Cell Smackdown

The ubiquity of cell phones is unavoidable. Expecting audiences to give a speaker their full attention, including eye contact, is a thing of the past. However, do you know what people are actually doing when they’re glued to their cell phones? Are they checking their stock portfolio, texting friends, or visiting Facebook and Instagram? Maybe not.

We’ve polled audiences, and many say they are taking notes; commenting to colleagues on our presentation; or viewing our website and books. When you speak, if you demand that everyone put down their cell phones, you may be missing the mark and offending your audience. But if their lack of attention really bothers you, seek out the friendly faces in the audience for reinforcement.

There are also ways you can compete with the small screen. Include variety– in your movement, tone, and content. Brains need changeup to avoid getting bored. Use a white board, as well as PowerPoint. Draw in your audience, including rhetorical questions and interactive exercises. Make them feel part of the conversation, as opposed to sitting through a lecture. Speak directly to them, not at them. Flex your speaking muscles and win the cell smackdown.

1 Comment

  1. William Hall says:

    When someone you’re speaking to pulls out their cell phone it is a signal…..a reaction. Sometimes it can be strong feedback that you’re not holding their attention.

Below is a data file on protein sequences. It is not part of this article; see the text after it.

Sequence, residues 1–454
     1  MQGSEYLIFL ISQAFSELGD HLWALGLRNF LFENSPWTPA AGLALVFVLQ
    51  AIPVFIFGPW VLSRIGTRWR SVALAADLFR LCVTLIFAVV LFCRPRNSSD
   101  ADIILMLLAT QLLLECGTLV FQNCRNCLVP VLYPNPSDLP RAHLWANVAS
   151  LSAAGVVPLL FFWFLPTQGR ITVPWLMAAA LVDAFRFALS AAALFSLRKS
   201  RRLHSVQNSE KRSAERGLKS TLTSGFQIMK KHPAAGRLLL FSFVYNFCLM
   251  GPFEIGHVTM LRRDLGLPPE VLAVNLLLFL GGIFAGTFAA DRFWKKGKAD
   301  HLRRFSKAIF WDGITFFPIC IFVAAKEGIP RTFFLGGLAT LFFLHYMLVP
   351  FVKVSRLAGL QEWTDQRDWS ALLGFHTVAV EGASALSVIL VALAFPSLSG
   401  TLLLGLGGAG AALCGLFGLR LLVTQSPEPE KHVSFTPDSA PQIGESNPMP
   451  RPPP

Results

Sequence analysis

I was delivering training to a group of about 50 people for a large company. The session was going well….except that one young man in the back kept pulling out his cell phone. I was tempted to call-him-out during the workshop but instead approached him during a break.

    I started the conversation with curiosity by asking him if there was something urgent going happening. He explained to me that his wife was at the drive up window of Starbucks when her car was blocked in by police cars. She was suddenly in the middle of a police action. The Starbucks was being robbed. He explained that his texting with his wife acted as a secure base during the stressful time.

    My takeaway: Always start with curiosity and you never know what other people are going through.

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